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‘A lot of salmon died’: Ahousaht Guardians look to watershed restoration amid B.C.’s dangerously dry summer | The Narwhal

This story is part of When in Drought, a series about threats to B.C.’s imperilled freshwater systems and the communities working to implement solutions.

On a hot July afternoon Ahousaht Guardian Byron Charlie walked along the Bedwell River on the west coast of Vancouver Island. He was part of a restoration team there to rebuild a side channel of the river that had almost completely dried up.

Charlie said as they worked, the group came across small, calm pools of water — which usually act as cool refuges for fish — that were dangerously warm and low. They were so shallow, Charlie said, they weren’t much beyond “puddles.”

One of these small pools — Charlie estimates it was about six feet long and two inches deep — was teeming with tiny salmon. Knowing there was no end in sight to the summer heat and certainly no rain in the forecast, the team scooped up about 400 juvenile coho and transferred them to another part of the river. 

Looking around, they noticed another pool filled with fish and agreed to return the next day to continue the rescue operation. 

“If we didn’t do it that day, all those fish would have been gone,” Charlie told The Narwhal during an outdoor interview at a Tofino beach, describing how some of the small pools of water had completely dried up over night. “They would have been trapped there.”

Byron Charlie, an Ahousaht First Nation Guardian, radios the crew from Central Westcoast Forest Society after arriving in Bedwell Sound, in Clayoquot Sound, near Tofino. “When I was younger, my grandfather always said, ‘We’re salt water people — from the water,’ ” Charlie said. Photo: Melissa Renwick / The Narwhal

They returned to save another 600 juvenile coho from the second pool. Over the course of their project, they saved 1,600 fish, mostly coho. But not all the young salmon were so lucky, said Jessica Hutchinson, executive director of the Central Westcoast Forest Society, who was working with Charlie that day.

“We unfortunately came across a number of pools that we didn’t make it to in time,” she told The Narwhal in an interview. “A lot of salmon died.”

Hutchinson fears this summer, marked as it was by heat, fire and drought, is “an indicator of what’s to come” as climate change intensifies. At the time of Charlie and Hutchison’s baby salmon rescue mission, Western Vancouver Island was at level three drought, according to the British Columbia Drought Information Portal, which means adverse impacts to fish and ecosystems are “possible.” In August, those adverse impacts became “almost certain” as the region moved into drought level five. Despite cooler weather and some showers, the island remains locked in extreme drought conditions and, as waterways remain dry and unseasonably warm, many fish are struggling to survive.

To Hutchinson, the prolonged drought emphasizes the urgency of the Bedwell River restoration project, on which the Central Westcoast Forest Society is partnering with the Ahousaht First Nation.

“It was a terrible year for fish,” she said. “It’s good for us to see how fragile these salmon populations are and how close they are to the brink of extinction, and the importance of doing this work now before it’s too late.”

‘A lot of salmon died’: Ahousaht Guardians look to watershed restoration amid B.C.’s dangerously dry summer | The Narwhal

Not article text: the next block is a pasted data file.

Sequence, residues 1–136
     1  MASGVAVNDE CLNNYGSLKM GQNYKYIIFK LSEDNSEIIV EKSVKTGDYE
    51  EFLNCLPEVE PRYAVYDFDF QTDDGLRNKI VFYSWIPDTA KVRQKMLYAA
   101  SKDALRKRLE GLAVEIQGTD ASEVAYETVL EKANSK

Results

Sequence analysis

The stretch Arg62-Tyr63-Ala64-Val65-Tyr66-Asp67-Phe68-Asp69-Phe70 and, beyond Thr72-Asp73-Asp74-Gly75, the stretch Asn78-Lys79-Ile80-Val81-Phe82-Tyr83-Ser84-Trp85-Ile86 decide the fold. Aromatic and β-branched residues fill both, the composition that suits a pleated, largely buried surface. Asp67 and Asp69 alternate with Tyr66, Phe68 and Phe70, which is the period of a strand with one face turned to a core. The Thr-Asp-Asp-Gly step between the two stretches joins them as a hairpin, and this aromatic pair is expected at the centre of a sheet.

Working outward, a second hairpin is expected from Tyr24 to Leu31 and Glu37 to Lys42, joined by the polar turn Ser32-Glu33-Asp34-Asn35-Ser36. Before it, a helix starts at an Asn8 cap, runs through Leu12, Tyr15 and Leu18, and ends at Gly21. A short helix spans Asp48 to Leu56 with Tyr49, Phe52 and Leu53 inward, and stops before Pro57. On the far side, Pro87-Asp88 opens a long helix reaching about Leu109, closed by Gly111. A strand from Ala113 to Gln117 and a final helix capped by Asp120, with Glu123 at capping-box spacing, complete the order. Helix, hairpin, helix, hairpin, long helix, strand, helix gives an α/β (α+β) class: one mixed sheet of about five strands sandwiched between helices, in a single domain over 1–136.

Byron Charlie carries a bucket of around 15 rescued juvenile salmon to release into the Bedwell River, within the Clayoquot Sound, near Tofino, on July 30, 2021. Photo: Melissa Renwick / The Narwhal
‘A lot of salmon died’: Ahousaht Guardians look to watershed restoration amid B.C.’s dangerously dry summer | The Narwhal
Byron Charlie released juvenile salmon into the Bedwell River, within the Clayoquot Sound, near Tofino, on July 30, 2021. Photo: Melissa Renwick / The Narwhal

Recovering a river buried by destructive logging practices

The drought exacerbated dry conditions in the Bedwell River, but the tributary that the restoration team focused their efforts on had already been mostly buried by erosion, caused by destructive logging practices throughout the 20th century. 

“We’re seeing a lot of creeks go dry when a watershed is logged,” Hutchinson said, which is why she feels restoration “is key” to save salmon. 

Cutting down trees and building logging roads contributes to and can accelerate erosion, increasing the amount of gravel and debris that enters a river during rainfall. While logging companies are now required to leave buffers of trees along rivers, that wasn’t required when Bedwell Sound was logged. 

“Without the extensive root systems that hold the integrity of the river together, the river really unravels,” Hutchinson said. A disrupted river can widen and become more shallow, meaning it will dry up more easily in hot and dry weather, which further compounds the impacts of erosion.

The shallower the water, the more intensely rain events can impact spawning beds, Mandala Smulders, Central Westcoast Forest Society’s director of operations, said.

“Tiny little fish just get washed out into the estuary and they’re not ready for all that predation, she said. Without pools and side-channels, “there’s nowhere for them to take refuge … it’s basically just like a highway, and they get washed out to sea when they’re born.”

“Water that used to be at the surface is now buried meters and meters below. We see these pools dry up and these fish die,” Hutchinson said.

That’s what brought the restoration team to Bedwell River this past August: to dig out side channels of the river, about six feet underground, to hit groundwater to get the tributary running again.

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